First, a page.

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Cisco has launched a software-as-a-service version of Tetration, providing companies with the option of pay-as-you-go pricing for the application analytics system. The company also introduced this week a virtualized version of Cisco Tetration analytics, which customers can run on the hardware of their choice.
Before the latest versions, companies using Tetration had to buy the hardware from Cisco. By removing that requirement, the company expects to make the product appealing to more companies, while offering potential customers a faster return on investment.
In general, having multiple ways to buy technology helps broaden its appeal, said Brad Casemore, an analyst at IDC. "It's a logical move by Cisco to increase the addressable market for Tetration technology."
The SaaS version lets companies start small and gradually increase their use of the software as their budgets increase. The minimum SaaS subscription is a 100-workload license, which typically amounts to one or two applications, said Yogesh Kaushik, senior director for Tetration product management. A subscription license is for one to three years.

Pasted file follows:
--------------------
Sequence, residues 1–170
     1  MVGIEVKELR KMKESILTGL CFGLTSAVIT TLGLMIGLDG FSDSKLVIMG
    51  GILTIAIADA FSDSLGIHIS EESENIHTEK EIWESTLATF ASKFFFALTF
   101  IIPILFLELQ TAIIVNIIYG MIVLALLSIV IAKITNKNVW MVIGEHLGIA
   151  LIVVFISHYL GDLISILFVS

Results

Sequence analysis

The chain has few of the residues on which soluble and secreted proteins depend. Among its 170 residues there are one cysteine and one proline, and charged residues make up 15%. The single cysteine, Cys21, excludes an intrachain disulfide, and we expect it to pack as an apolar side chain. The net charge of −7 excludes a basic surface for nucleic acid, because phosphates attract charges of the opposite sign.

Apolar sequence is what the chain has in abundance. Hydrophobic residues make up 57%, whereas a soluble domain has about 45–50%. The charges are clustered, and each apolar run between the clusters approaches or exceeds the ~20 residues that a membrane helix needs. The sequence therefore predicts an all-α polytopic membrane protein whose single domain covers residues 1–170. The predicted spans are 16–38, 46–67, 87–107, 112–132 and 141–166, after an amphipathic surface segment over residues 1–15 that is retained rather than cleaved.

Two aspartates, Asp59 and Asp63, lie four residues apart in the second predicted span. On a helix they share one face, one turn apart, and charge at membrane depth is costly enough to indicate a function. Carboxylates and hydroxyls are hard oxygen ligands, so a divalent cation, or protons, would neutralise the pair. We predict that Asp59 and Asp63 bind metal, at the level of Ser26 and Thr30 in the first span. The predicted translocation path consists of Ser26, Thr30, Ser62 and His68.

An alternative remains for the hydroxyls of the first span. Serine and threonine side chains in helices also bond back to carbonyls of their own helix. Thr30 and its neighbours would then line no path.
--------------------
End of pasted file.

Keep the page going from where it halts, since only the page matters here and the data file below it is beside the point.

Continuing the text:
Cisco is running Tetration SaaS on leased infrastructure from one of the "top cloud providers," said Kaushik, who declined to name the company. Tetration is running on two separate data centers, so if one fails, the other would take over.
The market for enterprise SaaS grew 31% year over year in 2017, making it the second fastest-growing segment of the cloud services market, which also includes infrastructure as a service, hosted private cloud, and infrastructure hardware and software, according to Synergy Research Group, based in Reno, Nev. The total market grew 24% to $180 billion.
How Cisco Tetration analytics works
All the Tetration models collect packet data from network traffic to establish the interrelationships of hardware and software components, a process called application dependency mapping. Having this information lets managers perform network tasks while knowing in advance the potential impact. Tetration can also recommend and enforce policies affecting application performance and security.
The new virtualized Cisco Tetration analytics lets companies use spare capacity on their servers to run Tetration in the data center, Kaushik said. "Think of this as pure software that we're delivering to the customer now, as opposed to just a physical appliance."
Before the latest releases, companies had two options for buying Tetration -- both on Cisco hardware. One, aimed at large enterprises, carried an average price tag of $1 million. The second was a rack-mounted version that started at $25,000 and comprised six servers and two Cisco Nexus 9300 switches. Cisco also made the smaller version available as virtualized software that could run as an instance on Amazon Web Services.